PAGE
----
The Hummingbird Handbook: Everything You Need to Know about these Fascinating Birds by John Shewey 

Where the Birds Are: The 100 Best Birdwatching Spots in North America by Robert M. Brown 

Great Birding in the Great Lakes: A Guide to the 50 Best Birdwatching Sites in the Great Lakes States by Tom Powers 

Penguins: The Ultimate Guide by Tui De Roy 

Happy birding!

-Linnea

Happy New Year!

It’s that time of year when we all choose how we want to improve or adjust in the new year. We’re full of hope and ambition, the fear of abandoning our resolutions yet to creep into reality. Our resolutions tend to be pretty similar year after year. How many of us vow to read more, spend less money, watch less television, or pick up a new hobby? And how many of us, after weeks of good intentions, let those goals fall by the wayside as ~life~ gets in the way? You are not alone! And if your goals match any that I listed, you’re not alone there either. 

According to statista.com, a lot of us share the same resolutions:

To help achieve those goals and stay on track longer than a month or two, maybe some of these books will be handy!  

If you… 

Want to cook more meals at home: 

The Weeknight Mediterranean Kitchen: 80 Authentic, Healthy Recipes Made Quick and Easy for Everyday Cooking by Samantha Ferraro 

The Easy Vegan Cookbook: Make Healthy Home Cooking Practically Effortless by Kathy Hester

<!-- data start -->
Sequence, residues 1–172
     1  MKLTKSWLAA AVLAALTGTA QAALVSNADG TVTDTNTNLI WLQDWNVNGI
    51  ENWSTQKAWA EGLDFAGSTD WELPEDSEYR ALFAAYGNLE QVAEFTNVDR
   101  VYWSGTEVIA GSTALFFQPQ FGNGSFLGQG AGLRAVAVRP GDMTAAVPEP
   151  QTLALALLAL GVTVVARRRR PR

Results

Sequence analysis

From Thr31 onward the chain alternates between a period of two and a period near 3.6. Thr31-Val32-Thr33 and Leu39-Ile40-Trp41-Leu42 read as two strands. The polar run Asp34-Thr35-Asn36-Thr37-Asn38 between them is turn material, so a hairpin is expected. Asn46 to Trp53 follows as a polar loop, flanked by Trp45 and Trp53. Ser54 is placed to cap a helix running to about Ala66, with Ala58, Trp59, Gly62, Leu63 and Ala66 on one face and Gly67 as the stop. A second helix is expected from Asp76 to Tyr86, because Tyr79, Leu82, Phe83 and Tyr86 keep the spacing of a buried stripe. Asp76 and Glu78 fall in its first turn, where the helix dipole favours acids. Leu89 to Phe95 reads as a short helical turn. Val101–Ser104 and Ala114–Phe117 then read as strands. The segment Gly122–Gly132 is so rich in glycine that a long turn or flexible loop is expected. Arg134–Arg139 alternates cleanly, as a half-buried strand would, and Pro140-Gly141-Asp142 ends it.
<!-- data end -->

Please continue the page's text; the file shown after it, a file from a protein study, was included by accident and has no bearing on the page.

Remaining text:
Eating Well Made Easy: Deliciously Healthy Recipes for Everyone, Every Day by Lorraine Pascale 

Want to spend less time on social media: 

How to Break Up with Your Phone by Catherine Price 

Growing Up Shared: How Parents Can Share Smarter on Social Media-and What You Can Do to Keep Your Family Safe in a No-Privacy World by Stacey Steinberg 

Deep Work: Rules for Focused Success in a Distracted World by Cal Newport 

Want to reduce stress: 

The No-Nonsense Meditation Book: A Scientist’s Guide to the Power of Meditation by Steven Laureys 

Stress Less, Accomplish More: Meditation for Extraordinary Performance by Emily Fletcher 

The Extremely Busy Woman’s Guide to Self-Care: Do Less, Achieve More, and Live the Life You Want by Suzanne Falter 

Want to exercise more: 

Hiking Ohio Gary S. Williams 

Running Well by Sam Murphy 

How to Rock Climb! by John Long 

Want to learn a new skill: 

Hoop Quilts for Beginners: 15 Designs Using Easy Patchwork and Embroidery by AnneMarie Chany 

HTML and CSS by Joe Casabona 

Lonely Planet Spanish Phrasebook & CD: Listen, Practise, and Learn 

Want to spend less money: 

Little House Living: The Make-Your-Own Guide to a Frugal, Simple, and Self-sufficient Life by Merissa A. Alink 

The 30-Day Money Cleanse: Take Control of Your Finances, Manage Your Spending, and De-stress Your Money for Good by Ashley Feinstein Gerstley 

Wise Craft: Turning Thrift Store Finds, Fabric Scraps, and Natural Objects into Stuff You Love by Blair Stocker